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VW Presentation in ’06 Showed How to Foil Emissions Tests

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Article by Jack Ewing, Summary by Murray Manley

Recently, during an on-going investigation to find out more details about VW’s emissions scandal, a powerpoint presentation was uncovered that described “in detail how an automaker could cheat on emissions tests in the United States.” Although VW has admitted that nearly 11 million cars are fitted with the technology to cheat on emissions tests, the power point presentation may in fact be the most poignant evidence that has been uncovered. Although investigators do not yet know the breadth of the circulation of the powerpoint, the fact that the document exists at all is incriminating enough. Clearly, the deception was extremely calculated. Evidence shows that even after VW was under close scrutiny by government officials in 2014, they continued to deliberately install software to cheat the emissions tests, and clearly undeVWrestimated the potential costs and fines of being discovered. In a note from an American lawyer hired to examine the potential fines and losses for cheating emissions tests, VW was informed that the highest known penalty for cheating was $100 million. At this point in time, the costs of cheating must not have outweighed the benefits considering the small estimate of potential losses, a cost that VW easily could have paid with little or no effect on the company that had revenues of about $240 billion. In addition to the relatively low costs of cheating, VW was assured by engineers that detection would be nearly impossible. They were wrong, and in 2014, West Virginia University identified the first inconsistent data in emissions testing. As we discussed in class last week, Volkswagen recently announced that it has suffered losses of 6.2 billion dollars, and has allocated another 18 billion to cover various damages costs.


Source: <a href=”″>NY Times article</a>


  1. frankn18

    What concerns me within this whole scandal is all of the car companies not under investigation. I’m not quite qualified to make assumptions but I’m going to based on gut feelings. I would assume that other companies must be using techniques to produce similar results as VW. This trend is seen too often outside of the auto industry. We talk about the financial crisis of ’08.. every bank on Wall Street was invested in sub prime bonds, not just a single company, taking out the whole industry. It seems too good to be true that only VW has been falsifying emissions tests.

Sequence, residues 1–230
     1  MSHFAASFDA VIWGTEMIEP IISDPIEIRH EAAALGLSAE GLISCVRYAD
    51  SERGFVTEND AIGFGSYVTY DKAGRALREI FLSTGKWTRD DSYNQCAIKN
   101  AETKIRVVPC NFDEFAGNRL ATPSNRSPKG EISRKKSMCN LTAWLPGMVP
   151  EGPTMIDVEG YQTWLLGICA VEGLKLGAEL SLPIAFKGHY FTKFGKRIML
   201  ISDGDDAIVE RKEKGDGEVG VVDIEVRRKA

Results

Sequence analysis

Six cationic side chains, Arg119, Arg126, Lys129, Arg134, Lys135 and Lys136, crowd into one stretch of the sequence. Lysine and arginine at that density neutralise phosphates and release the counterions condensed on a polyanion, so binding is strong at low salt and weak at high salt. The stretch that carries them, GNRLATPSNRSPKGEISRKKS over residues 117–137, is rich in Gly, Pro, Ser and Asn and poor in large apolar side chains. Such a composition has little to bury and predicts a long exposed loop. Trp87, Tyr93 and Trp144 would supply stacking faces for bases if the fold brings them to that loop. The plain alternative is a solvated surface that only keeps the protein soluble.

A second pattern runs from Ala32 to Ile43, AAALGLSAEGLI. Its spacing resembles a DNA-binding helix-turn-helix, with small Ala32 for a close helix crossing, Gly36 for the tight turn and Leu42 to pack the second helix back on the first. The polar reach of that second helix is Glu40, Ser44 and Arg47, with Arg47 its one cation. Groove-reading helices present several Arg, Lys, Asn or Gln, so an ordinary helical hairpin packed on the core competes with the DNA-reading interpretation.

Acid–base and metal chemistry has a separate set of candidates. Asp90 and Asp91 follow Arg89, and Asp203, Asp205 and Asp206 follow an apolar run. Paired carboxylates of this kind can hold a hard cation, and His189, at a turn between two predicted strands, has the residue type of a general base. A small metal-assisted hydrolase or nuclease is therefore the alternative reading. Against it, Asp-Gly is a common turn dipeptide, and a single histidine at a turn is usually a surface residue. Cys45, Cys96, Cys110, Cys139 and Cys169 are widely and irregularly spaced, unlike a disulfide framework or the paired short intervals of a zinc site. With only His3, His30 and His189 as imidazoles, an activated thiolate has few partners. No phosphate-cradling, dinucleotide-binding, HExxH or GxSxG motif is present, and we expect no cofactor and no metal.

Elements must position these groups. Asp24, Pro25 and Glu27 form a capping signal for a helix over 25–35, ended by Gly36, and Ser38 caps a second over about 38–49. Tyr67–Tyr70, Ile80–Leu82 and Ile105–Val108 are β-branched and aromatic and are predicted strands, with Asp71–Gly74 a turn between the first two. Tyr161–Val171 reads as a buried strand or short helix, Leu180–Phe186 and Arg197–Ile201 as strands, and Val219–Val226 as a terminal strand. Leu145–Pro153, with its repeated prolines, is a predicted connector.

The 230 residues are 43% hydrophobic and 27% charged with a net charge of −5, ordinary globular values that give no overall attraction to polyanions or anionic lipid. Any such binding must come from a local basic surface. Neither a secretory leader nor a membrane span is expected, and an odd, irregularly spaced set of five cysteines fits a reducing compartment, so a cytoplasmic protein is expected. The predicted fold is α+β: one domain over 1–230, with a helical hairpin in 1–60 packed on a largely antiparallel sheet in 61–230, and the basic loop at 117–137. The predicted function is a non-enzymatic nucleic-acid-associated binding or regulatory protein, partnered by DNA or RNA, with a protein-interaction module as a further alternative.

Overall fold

May 10, 2016
  2. cranea18

    I agree with Nate here; every time I hear about the VW scandal, I think to myself, how do we know other companies are not doing similar things? I know Mitsubishi was recently accused of something similar to this as well. In Murray’s blog, she talks about how VW was informed that the “highest known penalty for cheating” was $100 million; many of the large car manufacturers can easily pay this, so if they do not think they will get caught, what is stopping them from cheating on these tests in a similar fashion?

    May 10, 2016
  3. adamsm19

    What I find most interesting about this story is the calculation VW apparently made that the possible penalties did not outweigh the benefits of cheating. This raises serious questions about the penalties levied on companies for cheating on emissions tests. In the future the government will obviously need to do more to discourage cheating.

    May 16, 2016
  4. Barrett Snyder
    Barrett Snyder

    Playing devil’s advocate here, but if faced with the decision of costly redesign late in production in order to meet regulations, wouldn’t you choose to take that option over a lesser fine? If under pressure from top management to sell cars and make the most money possible doing so, the last thing you would want to tell your boss is we are going to have to spend a lot more money (potentially taking losses on a vehicle line) to be able to meet regulations because we miscalculated projected emissions.

    May 17, 2016

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